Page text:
Understanding dog blood test results
If your dog receives completely positive results indicating good health, it is not only great news but also provides a valuable reference for future comparisons. In the event your dog becomes ill in the future, these blood work results will give your veterinarian valuable insights into what a healthy dog’s blood work should look like and enable them to provide the best possible care to bring your pup back to good health. For those seeking more information about dog blood work, continue reading.
Being better prepared with this information allows your veterinarian to better understand and meet your pet’s physical needs. According to Hitt, statistically, about 1 in 20 tests may show abnormal results without being truly relevant. For example, a dog might have higher-than-normal liver enzyme values for extended periods and still be healthy.
Hitt emphasizes that the significance of an abnormal test result can only be properly assessed by considering the patient’s overall health, medical history, and the extent of the value change. If a test result is deemed significant, further tests may be required to confirm the issue’s importance or gather additional information related to the concern.
When visiting the veterinarian with a sick dog, it’s wise to be proactive and inquire whether a blood chemistry evaluation would be helpful, just as you would want such tests for yourself. Additionally, expect that a blood chemistry profile will be necessary before any elective anesthesia or surgery. Often, elective procedures are postponed until previously unnoticed medical problems are evaluated.
Many animal hospitals now offer annual Older Pet Evaluations, where blood and urine testing play a crucial role in assessing the patient’s health. If your dog is eight years or older, scheduling an annual physical exam with laboratory tests can be highly beneficial and rewarding.
Common dog blood work results and what they might mean
- High levels of creatinine and blood urea nitrogen (BUN) may indicate kidney failure, or otherwise poor kidney function.
- High levels of alkaline phosphatase (ALP) or alanine aminotransferase (ALT) may indicate liver damage.
- Elevated amounts of amylase may indicate poor pancreatic or kidney function due to disease. However, it may also be an allergic reaction that takes place so ask a vet before jumping to any conclusions yourself.
- Abnormal calcium levels may indicate the presence of tumors, kidney disease or other disorders.
- High levels of blood sugar (glucose) may indicate diabetes.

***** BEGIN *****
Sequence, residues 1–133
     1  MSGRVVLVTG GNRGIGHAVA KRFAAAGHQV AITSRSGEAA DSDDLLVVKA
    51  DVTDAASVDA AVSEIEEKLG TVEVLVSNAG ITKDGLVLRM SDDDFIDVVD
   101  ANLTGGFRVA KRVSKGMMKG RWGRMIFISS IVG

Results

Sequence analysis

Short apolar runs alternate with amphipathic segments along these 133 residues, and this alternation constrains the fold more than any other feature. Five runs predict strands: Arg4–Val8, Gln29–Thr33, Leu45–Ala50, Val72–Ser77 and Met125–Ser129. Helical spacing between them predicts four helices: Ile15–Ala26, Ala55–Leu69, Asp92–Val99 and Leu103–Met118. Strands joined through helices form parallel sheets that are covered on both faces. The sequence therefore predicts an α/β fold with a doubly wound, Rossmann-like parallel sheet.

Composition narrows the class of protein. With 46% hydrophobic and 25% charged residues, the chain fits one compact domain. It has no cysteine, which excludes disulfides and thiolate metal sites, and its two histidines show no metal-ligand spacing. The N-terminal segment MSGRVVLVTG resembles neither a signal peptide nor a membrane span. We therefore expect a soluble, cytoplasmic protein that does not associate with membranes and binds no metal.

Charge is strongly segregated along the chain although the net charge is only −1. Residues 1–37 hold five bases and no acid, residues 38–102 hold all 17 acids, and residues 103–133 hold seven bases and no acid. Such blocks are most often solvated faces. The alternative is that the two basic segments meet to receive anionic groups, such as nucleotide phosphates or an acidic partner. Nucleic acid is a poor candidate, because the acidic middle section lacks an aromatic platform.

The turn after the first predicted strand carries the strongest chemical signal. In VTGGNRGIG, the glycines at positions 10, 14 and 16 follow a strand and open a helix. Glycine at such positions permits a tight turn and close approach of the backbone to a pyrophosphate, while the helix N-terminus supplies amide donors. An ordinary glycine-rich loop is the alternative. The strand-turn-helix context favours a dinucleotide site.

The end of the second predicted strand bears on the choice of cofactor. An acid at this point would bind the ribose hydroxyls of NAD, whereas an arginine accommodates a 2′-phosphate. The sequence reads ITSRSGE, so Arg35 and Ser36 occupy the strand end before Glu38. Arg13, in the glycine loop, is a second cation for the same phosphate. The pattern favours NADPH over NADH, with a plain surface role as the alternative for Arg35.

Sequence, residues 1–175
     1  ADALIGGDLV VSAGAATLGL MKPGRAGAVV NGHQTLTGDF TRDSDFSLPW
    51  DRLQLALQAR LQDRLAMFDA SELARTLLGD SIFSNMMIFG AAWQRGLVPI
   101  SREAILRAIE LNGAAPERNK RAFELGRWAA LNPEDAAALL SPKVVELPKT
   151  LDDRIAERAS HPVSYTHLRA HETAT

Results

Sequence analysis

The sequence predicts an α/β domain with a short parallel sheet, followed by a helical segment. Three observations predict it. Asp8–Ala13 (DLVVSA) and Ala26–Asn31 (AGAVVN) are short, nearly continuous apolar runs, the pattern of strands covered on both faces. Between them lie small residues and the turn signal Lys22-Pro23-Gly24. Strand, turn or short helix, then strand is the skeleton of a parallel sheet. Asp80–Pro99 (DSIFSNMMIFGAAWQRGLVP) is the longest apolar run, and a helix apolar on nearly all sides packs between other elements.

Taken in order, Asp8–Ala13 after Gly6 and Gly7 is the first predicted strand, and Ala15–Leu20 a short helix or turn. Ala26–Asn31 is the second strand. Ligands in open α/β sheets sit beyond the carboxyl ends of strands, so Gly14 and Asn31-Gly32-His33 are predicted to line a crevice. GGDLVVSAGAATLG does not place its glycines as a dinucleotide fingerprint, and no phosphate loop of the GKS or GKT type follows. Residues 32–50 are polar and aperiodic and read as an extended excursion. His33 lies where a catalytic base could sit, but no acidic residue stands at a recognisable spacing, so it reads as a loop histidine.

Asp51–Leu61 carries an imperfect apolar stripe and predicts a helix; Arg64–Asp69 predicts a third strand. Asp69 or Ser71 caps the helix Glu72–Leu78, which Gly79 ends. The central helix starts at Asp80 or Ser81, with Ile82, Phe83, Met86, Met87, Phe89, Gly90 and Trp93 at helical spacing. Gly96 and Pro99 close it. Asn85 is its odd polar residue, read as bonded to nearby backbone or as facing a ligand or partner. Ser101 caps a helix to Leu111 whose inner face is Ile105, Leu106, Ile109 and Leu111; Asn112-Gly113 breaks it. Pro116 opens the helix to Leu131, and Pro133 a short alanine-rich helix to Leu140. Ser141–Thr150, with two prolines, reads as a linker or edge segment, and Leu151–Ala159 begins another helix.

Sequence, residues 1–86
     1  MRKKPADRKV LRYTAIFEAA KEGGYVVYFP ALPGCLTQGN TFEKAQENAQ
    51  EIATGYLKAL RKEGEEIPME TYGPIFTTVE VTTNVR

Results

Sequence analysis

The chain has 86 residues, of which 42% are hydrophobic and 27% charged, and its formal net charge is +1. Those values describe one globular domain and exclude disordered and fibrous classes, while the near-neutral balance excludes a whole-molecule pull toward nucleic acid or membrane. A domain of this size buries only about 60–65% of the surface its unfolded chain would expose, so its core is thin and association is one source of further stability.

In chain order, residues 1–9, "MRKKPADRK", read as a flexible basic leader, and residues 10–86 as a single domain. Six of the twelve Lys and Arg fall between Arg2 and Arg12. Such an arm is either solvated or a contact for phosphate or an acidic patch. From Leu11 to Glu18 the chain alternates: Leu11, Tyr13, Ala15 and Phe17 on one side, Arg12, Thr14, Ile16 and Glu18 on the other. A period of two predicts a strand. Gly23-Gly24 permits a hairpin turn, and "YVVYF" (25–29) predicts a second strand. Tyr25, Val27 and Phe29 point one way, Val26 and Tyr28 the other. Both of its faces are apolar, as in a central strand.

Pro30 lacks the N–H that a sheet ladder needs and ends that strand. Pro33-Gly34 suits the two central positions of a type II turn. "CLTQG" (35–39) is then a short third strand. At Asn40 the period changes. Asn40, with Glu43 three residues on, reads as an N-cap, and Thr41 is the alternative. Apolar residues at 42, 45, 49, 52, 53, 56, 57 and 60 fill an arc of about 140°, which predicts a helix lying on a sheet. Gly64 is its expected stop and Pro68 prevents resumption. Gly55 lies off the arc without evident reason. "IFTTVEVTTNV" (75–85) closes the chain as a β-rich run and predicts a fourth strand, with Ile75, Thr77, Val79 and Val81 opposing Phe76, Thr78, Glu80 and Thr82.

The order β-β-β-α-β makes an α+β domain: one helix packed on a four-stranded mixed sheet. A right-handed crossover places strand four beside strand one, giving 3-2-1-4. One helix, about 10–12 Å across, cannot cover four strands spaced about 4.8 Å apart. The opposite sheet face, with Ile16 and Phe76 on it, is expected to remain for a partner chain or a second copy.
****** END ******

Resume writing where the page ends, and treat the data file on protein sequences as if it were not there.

- Low levels of potassium may explain an animal’s chronic lethargy or lack of muscle control.
The chemistry panel is extensive and a bit more detailed explanation of each item tested can be found here.
When in doubt, remember that your veterinarian is your reliable source for all things related to dogs. No question is too silly to ask, especially when it concerns your canine companion’s blood work. It’s far better to inquire about anything, even if it may seem “silly,” than to remain unaware of crucial information about your dog’s health. If your vet appears hesitant or rushed in answering your inquiries, it might be time to find a new veterinarian. Both you and your pet deserve a healthcare professional who is willing to dedicate the time and care necessary to optimize your pet’s life.
How important is it to conduct blood tests?
While we humans have the ability to speak up about our ailments, our dogs unfortunately can’t. So our doctor can then order blood work. And do the necessary tests long before those small aches and pains turn into more serious problems. But unfortunately, until our dogs learn to use words instead of woofs to express themselves, we’ll need to depend on their blood work to reveal changes in their physical health to help us sniff out more dangerous possible ailments in our pets, such as kidney disease, diabetes or even cancer.
In their October 2017 Dog Watch Newsletter, Cornell University’s College of Veterinary Medicine revisited the importance of ordering your dog’s blood work and understanding the results. They recommended that your dog have blood work done at least once a year, most especially for those dogs that have reached the ripe old age of six (42 in doggie years).
Blood panels for dogs may cost upwards of $100, and this might initially seem discouraging. However, it is essential to recognize that preventive measures play a crucial role in maintaining your pet’s good health. Detecting any health issues early on can lead to substantial cost savings in the future and prevent potential suffering for your beloved pet. Considering the long-term benefits, the $100 investment in a blood panel appears relatively minor.